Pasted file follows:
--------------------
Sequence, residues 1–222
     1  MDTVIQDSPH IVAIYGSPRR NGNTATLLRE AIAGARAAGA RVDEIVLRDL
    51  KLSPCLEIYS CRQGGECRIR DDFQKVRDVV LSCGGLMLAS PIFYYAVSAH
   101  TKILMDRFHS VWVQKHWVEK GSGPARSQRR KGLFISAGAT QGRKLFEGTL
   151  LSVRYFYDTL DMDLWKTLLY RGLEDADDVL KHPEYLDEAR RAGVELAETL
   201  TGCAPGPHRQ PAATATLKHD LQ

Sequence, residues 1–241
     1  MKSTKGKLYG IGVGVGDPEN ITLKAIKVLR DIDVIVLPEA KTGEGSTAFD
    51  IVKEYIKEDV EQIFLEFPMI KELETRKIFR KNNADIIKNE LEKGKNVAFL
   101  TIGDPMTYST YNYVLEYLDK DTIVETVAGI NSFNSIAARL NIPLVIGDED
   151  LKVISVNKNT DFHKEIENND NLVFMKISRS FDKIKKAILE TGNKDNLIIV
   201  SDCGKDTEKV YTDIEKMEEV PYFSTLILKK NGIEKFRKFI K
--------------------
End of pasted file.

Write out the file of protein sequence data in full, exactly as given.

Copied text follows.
Sequence, residues 1–222
     1  MDTVIQDSPH IVAIYGSPRR NGNTATLLRE AIAGARAAGA RVDEIVLRDL
    51  KLSPCLEIYS CRQGGECRIR DDFQKVRDVV LSCGGLMLAS PIFYYAVSAH
   101  TKILMDRFHS VWVQKHWVEK GSGPARSQRR KGLFISAGAT QGRKLFEGTL
   151  LSVRYFYDTL DMDLWKTLLY RGLEDADDVL KHPEYLDEAR RAGVELAETL
   201  TGCAPGPHRQ PAATATLKHD LQ

Sequence, residues 1–241
     1  MKSTKGKLYG IGVGVGDPEN ITLKAIKVLR DIDVIVLPEA KTGEGSTAFD
    51  IVKEYIKEDV EQIFLEFPMI KELETRKIFR KNNADIIKNE LEKGKNVAFL
   101  TIGDPMTYST YNYVLEYLDK DTIVETVAGI NSFNSIAARL NIPLVIGDED
   151  LKVISVNKNT DFHKEIENND NLVFMKISRS FDKIKKAILE TGNKDNLIIV
   201  SDCGKDTEKV YTDIEKMEEV PYFSTLILKK NGIEKFRKFI K